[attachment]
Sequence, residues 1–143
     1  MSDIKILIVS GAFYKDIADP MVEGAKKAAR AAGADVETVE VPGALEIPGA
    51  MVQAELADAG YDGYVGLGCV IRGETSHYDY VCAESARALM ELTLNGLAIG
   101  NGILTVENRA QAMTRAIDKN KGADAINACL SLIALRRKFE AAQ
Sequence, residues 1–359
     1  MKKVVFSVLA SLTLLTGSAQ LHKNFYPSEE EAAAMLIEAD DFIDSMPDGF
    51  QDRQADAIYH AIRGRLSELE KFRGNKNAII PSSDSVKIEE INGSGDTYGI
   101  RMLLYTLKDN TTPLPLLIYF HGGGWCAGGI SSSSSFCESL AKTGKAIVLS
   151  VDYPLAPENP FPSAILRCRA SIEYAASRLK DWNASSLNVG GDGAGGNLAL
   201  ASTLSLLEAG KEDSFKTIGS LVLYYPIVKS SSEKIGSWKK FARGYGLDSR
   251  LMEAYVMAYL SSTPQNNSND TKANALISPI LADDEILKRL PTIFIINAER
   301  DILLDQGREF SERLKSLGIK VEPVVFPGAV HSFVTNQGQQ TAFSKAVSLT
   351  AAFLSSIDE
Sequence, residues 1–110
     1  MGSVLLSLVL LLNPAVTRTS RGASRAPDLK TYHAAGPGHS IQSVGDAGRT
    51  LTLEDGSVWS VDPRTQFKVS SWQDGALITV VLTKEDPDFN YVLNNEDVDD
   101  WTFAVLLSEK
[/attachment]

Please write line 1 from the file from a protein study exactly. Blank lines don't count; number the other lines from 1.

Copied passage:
Sequence, residues 1–143